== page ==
Like many things aviation in the U.S., we put off difficult decisions until it is too late.  Labor needed to be making bankruptcy-like changes to collective bargaining agreements decades ago.  Instead, it feels as if it all happened at once - and was exponentially more painful.  The hard truth is, the economic expectations of deregulation - where inefficiencies and uncompetitive costs were wrung from the system - has largely played out over the past ten years (and not the first 22) because people avoided the inevitable – including airline companies.  If the market were left to its own devices, my guess is many of the efficiencies found in the last decade would have been found earlier, or companies would have simply failed.

Swelblog’s opinion of small airport closings has wide implications.  Implications for the Regional Airline Association and the sector of the industry it represents.  Implications for mainline labor as they rethink how regional flying should be performed and who should do that flying.  Implications for smaller community air service.  Implications for how infrastructure dollars are allocated. Implications for government leaders thinking about transportation policy on a medium to long-term planning horizon.  Implications for network airlines that have made smaller community air service critical to the makeup of their route structures.

There is a new essential - and it is not Oberstar’s essential - when it comes to air service.  Regionalization of air service sounds scary, but at the end of the day, would you rather fly a Bombardier C-Series to a hub/gateway with multiple service options from Columbus or a Cessna from Toledo.  That is where we are headed over the next five to seven years.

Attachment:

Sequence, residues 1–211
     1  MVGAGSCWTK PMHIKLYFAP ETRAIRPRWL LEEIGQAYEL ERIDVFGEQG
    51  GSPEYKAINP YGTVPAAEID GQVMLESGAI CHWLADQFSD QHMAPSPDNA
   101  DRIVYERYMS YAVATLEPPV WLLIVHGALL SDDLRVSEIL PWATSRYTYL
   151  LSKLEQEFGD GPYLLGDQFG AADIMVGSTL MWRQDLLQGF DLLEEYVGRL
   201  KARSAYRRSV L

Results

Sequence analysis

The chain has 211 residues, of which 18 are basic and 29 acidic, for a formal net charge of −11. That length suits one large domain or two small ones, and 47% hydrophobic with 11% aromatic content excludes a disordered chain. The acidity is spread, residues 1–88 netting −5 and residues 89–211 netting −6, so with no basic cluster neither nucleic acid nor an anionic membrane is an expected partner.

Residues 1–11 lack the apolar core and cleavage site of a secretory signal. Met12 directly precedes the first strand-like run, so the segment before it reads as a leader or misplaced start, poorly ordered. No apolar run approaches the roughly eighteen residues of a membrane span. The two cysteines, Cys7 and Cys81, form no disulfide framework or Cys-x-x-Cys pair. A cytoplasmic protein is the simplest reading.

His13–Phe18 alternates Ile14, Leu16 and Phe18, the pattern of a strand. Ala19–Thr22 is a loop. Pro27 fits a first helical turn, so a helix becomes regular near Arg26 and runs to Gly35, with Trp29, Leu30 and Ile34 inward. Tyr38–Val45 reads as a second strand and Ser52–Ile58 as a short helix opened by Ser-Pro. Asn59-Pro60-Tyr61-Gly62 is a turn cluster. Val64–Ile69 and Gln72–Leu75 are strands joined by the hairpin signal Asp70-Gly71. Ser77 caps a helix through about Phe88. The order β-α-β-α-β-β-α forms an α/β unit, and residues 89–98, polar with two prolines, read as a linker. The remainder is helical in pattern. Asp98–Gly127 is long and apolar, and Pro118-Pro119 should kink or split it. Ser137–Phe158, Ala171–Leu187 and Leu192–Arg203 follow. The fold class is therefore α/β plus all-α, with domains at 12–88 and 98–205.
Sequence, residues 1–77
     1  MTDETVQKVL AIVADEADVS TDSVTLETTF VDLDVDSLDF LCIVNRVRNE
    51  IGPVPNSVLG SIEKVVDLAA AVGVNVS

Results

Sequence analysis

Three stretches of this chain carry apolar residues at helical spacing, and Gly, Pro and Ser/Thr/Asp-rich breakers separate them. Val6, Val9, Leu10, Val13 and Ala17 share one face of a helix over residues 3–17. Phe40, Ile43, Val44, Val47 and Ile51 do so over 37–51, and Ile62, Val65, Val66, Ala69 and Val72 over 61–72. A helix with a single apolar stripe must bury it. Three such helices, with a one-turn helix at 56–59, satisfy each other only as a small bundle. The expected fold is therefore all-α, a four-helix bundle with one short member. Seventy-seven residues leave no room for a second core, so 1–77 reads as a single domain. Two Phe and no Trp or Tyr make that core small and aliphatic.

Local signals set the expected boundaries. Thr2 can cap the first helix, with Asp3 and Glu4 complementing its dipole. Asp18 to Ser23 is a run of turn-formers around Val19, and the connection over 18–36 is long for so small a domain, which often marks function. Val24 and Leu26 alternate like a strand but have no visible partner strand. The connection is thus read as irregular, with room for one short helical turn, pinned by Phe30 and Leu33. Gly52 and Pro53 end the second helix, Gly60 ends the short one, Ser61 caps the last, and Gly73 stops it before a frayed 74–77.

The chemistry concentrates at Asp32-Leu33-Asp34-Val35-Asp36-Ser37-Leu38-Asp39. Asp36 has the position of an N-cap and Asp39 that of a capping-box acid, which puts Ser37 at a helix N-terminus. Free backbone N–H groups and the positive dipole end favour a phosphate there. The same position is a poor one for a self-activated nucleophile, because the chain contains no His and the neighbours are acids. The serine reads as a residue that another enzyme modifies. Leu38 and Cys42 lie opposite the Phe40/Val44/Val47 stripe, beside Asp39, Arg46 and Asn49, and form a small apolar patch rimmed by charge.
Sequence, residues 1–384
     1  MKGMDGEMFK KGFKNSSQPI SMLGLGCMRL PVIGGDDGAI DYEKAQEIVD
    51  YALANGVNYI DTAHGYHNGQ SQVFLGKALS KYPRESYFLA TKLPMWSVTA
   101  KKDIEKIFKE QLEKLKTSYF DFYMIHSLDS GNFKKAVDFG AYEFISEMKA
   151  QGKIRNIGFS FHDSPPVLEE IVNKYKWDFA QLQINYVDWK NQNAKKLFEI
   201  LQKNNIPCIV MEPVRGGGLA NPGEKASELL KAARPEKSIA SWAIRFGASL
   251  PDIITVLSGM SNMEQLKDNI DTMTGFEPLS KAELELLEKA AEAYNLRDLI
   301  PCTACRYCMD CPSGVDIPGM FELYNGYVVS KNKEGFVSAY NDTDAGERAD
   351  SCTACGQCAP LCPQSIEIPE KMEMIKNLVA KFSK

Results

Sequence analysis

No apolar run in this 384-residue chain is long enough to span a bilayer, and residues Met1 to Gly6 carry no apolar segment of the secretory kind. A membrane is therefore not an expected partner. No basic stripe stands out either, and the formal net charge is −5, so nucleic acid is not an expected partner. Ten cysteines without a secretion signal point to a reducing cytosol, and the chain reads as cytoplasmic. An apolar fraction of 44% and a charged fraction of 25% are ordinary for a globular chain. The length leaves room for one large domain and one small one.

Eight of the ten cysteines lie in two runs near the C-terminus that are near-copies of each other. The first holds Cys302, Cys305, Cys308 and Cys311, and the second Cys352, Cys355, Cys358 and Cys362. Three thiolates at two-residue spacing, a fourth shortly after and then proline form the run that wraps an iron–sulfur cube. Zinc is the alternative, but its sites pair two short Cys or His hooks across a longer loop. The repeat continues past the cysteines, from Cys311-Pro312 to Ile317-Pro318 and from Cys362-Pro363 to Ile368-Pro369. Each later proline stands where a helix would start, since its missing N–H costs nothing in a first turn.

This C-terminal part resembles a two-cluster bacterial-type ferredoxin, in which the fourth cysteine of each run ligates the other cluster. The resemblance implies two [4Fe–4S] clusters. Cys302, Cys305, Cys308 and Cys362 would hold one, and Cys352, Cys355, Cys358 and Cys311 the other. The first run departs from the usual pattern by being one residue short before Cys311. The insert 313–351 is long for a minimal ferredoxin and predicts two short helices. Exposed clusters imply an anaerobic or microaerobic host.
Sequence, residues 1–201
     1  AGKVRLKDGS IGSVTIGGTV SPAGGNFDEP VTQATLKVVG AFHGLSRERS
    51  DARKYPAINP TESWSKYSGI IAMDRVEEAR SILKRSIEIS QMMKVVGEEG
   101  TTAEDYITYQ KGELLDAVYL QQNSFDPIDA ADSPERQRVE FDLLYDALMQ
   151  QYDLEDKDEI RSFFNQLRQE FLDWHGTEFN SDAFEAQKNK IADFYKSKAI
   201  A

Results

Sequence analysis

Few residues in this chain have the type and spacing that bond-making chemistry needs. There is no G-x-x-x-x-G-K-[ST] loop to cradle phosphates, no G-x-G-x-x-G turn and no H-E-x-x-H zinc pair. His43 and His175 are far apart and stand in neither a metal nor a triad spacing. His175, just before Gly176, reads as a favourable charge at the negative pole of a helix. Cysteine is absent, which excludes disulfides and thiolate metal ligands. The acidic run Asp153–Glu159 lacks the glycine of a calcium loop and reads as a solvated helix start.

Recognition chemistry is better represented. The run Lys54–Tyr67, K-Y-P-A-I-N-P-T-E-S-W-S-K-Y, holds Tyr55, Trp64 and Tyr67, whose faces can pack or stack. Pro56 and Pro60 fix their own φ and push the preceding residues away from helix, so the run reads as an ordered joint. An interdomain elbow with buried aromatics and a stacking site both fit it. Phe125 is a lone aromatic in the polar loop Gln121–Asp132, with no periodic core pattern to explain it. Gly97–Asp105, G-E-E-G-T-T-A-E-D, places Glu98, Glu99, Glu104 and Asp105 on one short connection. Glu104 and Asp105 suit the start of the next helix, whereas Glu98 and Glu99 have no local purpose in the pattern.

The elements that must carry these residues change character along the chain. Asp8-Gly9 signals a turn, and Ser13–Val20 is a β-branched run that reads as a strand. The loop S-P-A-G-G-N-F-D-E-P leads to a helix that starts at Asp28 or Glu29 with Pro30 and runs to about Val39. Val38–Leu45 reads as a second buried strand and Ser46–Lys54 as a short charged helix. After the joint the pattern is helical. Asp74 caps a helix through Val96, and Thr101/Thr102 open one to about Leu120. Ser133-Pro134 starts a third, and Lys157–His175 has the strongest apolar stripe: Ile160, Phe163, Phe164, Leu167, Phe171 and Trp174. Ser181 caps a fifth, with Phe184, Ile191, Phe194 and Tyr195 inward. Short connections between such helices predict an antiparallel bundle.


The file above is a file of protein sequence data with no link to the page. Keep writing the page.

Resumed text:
Give the small airports time to think about what their business model should be when the day of reckoning happens.  There is still time and there is still the need for those airports to play their parts inside the system – just not in receiving direct air service.

Maybe we should be thinking of it as the Non-Essential Air Service Program?

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Reader Comments (7)

It seems inevitable that aircraft such as the CSeries will reduce the number of small markets that get airline service.

Couldn't some of the smaller markets get one-stop flights to hubs instead of non-stop flights to the hub.

All of the examples that you used in this post are in the east. Would you support subsidized service to small markets in the west where the distances are greater and the markets thinner?

11.11.2010 | Unregistered CommenterBob M.

Bill, Roger was right to think I might need some vodka in order to get through your latest post. Enjoyable, as always, but I feel the need to point out that, in my highly scientific and expert opinion, you are what they call “out of your d*mn mind. “

Picking on the most egregious airports in the EAS program has become the proverbial low-hanging fruit. I know it is very hard to resist the delicious temptation of picking on the program due to a few airports among its roles that are actually so close to a nearby hub that one might throw a rock at them. Underhand. However, that’s nothing more than a distraction. At its core, the program is designed to serve a variety of airports of different distances-to-hubs; many of them over a six hours’ drive away from another source of commercial, scheduled air service.